In response to the increasing number of rabies cases including six in October and two more since, Dharamsala Animal Rescue (DAR) decided to take to the streets with their team and volunteers to keep the community safe.

Since such projects are quite costly, Hunter Dowds, a pre-med student at the Lawrence University, USA, had a grant to study rabies in India and partnered with DAR for his project. Besides just vaccinating the dogs, Dowds and DAR used a scientific method for a population count call “capture-recapture population estimation.”

A map was drawn to cover from the Cricket Stadium, down to Tapovan, and over to Tang Nirwana, excluding Kotwali/Dharamshala. Seven areas were then selected in this portion of the municipality for the capture-vaccinate-recapture population estimation.The areas are (with number of vaccinations): Upper Barol (26), Cricket Stadium (41), Khanyara (67), Sidhbari (66), Gabli Dari (48), Tang Nirwana (51), Mohli (44).

The day after the vaccinations were done in one area, a second team would count dogs in that area to gather the info needed for the population estimation.

rabies camp volunteer

As a result of our efforts, it is now known that in this area there are approximately 3200 homeless dogs. In 2017 DAR, did a different scientific method to count dogs in Kotwali/Dharamshala developed by the International Companion Animal Management Coalition (ICAM), and it was determined that 1000 dogs are located there.

The results of both methods conclude that 4200 homeless dogs live in the lower Dharamsala area alone. This does not include anything above Kotwali, such as Mcleod, Bhagsu, and Naddi and not Kangra in the west.

Currently, DAR is the only group vaccinating and sterilizing homeless dogs in this vicinity. The World Health Organization states that 70% of homeless dogs need to be vaccinated to control rabies and create a rabies free environment. This means in order for this portion of Dharamsala to be rabies free, we would need to vaccinate 2940 dogs as well as sterilize them to stop the dogs from continuing to give birth to new puppies—the humane way to control population.

The program and study was successful not just because of volunteers, but because of the help of the locals who are kind to the dogs. These folks could easily catch the dogs that we needed to vaccinate. When this was not the case, our trained catchers used nets with poles to capture the dogs.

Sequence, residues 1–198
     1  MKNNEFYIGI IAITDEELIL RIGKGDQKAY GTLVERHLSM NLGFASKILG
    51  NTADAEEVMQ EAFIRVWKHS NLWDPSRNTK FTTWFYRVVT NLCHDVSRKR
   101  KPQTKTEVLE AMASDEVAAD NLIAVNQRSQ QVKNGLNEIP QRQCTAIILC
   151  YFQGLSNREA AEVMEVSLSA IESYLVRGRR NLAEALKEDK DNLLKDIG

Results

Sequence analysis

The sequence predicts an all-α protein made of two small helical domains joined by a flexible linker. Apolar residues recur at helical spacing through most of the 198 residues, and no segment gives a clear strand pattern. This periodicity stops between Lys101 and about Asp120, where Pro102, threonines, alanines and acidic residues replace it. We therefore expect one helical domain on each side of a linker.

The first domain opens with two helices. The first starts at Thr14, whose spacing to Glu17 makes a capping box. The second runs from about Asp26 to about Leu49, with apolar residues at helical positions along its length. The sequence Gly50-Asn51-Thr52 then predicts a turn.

rabies camp net catching

Currently, DAR is doing 80 sterilizations and vaccinations per month. If we continue to get funding for our project, it will take four years to create a rabies free environment in lower Dharamshala with the current population estimation. If we can get more funding, this  will allow us to increase our monthly number and higher a bigger staff. In addition, if we are granted a dedicated space from from either the Municipal Corporation, or a private donor, we could decrease the amount of time to get the homeless dog population and rabies under control in our home town. Without these things, the problems will continue. If we get the support, we can truly become a Smart City.

So, why is this information important? It gives you an understanding of the homeless dog population in Dharamsala and how we, as a community, can eliminate rabies.

How can you help?

  • You can get your pets sterilized and vaccinated. Pets can also get rabies, and adding puppies to the already large population of dogs will not help.
  • You can feed and care for homeless dogs in your area to make it easy for us to catch when we come for sterilization and vaccination.
  • You can call your government officials to make this project a priority to keep the community safe from rabies, and to lower the homeless dog population.
  • You can donate to DAR to help us continue this important work:

Dharamsala Animal Rescue is a registered trust 376/2015 with all proper tax exemptions including: 12a, 80g, and FCRA.

For any questions, please email,



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